The Minority in Parliament on Tuesday registered its reservations on the manner in which the Government intends to purchase two aircrafts, describing the arrangement as unconstitutional, lacking clarity and insensitive to the real needs of the people.
The aircrafts are 1 unit ACJ 319 ER Corporate Jet from Airbus Industry at the cost of US$62 million and 1 Unit 900 Ex Easy Aircraft from Dassault Aviation SA at the cost of at US$ 43.15million.
Minority Leader, Mr Alban Bagbin told a press conference at Parliament House that, the acquisition of the two aircrafts was only for “presidential comforts."
Parliament has been called upon to approve a joint parliamentary report and to resolve to mandate the government for the purchase.
"What is however before Parliament is not an application for the acquisition of aircrafts for the Air Ghana Air Force per se but the acquisition of two luxury aircrafts for “Presidential comfort”
"The cost of the two luxury aircrafts is to be financed from loans and budgetary contributions," Mr Bagbin said.
Mr Bagbin said according to the Government memo and the report of the parliamentary committee; "in pursuit of the Ghana Armed Forces five-year strategic development plan 2005-2010."
He said the Minority in Parliament has no objection in re-equipping the Ghana Armed Forces (GAF) and catalogued a number of facilities to equip the GAF.
These included the approval of US$55,000,000 Barclays loan from which four transporter helicopter were purchased. Again the Gulf Stream 111, which was exchanged for four k8 made trainer/light attack military jets and one flight simulator for the Ghana Air Force.
"We are reliably informed that as at today government has failed to procure the simulator aircraft from the suppliers.
"As a result the four k8 trainer jet aircrafts cannot be put to use because of the lack of the simulator which is to be deployed in the training of the pilot and technicians on the use of the aircrafts."
According to Mr Bagbin, the "luxurious" Falcon 900 Ex Easy, had a capacity of 12 passengers, and the purchase of the aircraft was being supported with a buyer's credit of US$37,150.00 at a commercial interest rate of USD Libor 6 months +1%, while the Government of Ghana is making available a budgetary amount of US$6,000,000. The repayment period of the facility is only five years.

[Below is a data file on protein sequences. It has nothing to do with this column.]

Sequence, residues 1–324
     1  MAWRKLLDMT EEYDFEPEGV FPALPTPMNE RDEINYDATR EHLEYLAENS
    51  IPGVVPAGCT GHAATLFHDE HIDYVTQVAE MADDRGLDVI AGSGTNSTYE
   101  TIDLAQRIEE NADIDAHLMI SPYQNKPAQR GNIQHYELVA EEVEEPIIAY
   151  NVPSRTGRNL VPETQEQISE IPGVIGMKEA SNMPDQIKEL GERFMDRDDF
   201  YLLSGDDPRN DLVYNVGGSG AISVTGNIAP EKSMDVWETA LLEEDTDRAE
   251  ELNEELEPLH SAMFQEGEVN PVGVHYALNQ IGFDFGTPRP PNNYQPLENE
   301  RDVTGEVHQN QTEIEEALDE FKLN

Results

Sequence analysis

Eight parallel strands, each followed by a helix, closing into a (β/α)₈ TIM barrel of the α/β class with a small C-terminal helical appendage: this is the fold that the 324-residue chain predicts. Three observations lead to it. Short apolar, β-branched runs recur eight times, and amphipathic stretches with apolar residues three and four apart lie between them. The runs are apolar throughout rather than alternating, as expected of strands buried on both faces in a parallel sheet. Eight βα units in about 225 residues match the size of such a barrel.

Also, the corporate jet is being financed from a loan of US$ 52,000,000 from no disclosed source and an additional government support of US$ 10,000,000.
The Minority takes issue with the purchase of the two luxury aircrafts at this time of the HIPC where failure to execute projects is attributed to lack of funds.
The Minority said it was rejecting the move by Government to purchase the aircrafts because they are not acquired for strategic operations of the GAF.
Also, the payment schedules of the contract stipulates that five per cent of the price due must be paid upon signature.
However, Mr Bagbin said, the payment of the deposit, which involves the withdrawal of money from the Consolidated Fund without Parliamentary approval, contravenes Articles 178 and 181 of the 1992 Constitution.
"The payment is therefore unconstitutional and unlawful," Mr Bagbin said.
He added that, it was ironic that the same "people" who raised objections in 1999 on the acquisition of the Gulf Stream 111 on the grounds of misplaced priority are today asking Parliament and the nation to approve the acquisition of two luxurious presidential aircrafts whose costs are exorbitantly higher than that of the Gulf Stream.
The Minority questioned why the Government could commit US$105,150,000 to buy two "luxurious" presidential jets for the comfort of a president in the midst of social problems as water shortage, rising school fees, and lack of funds to pay railway workers.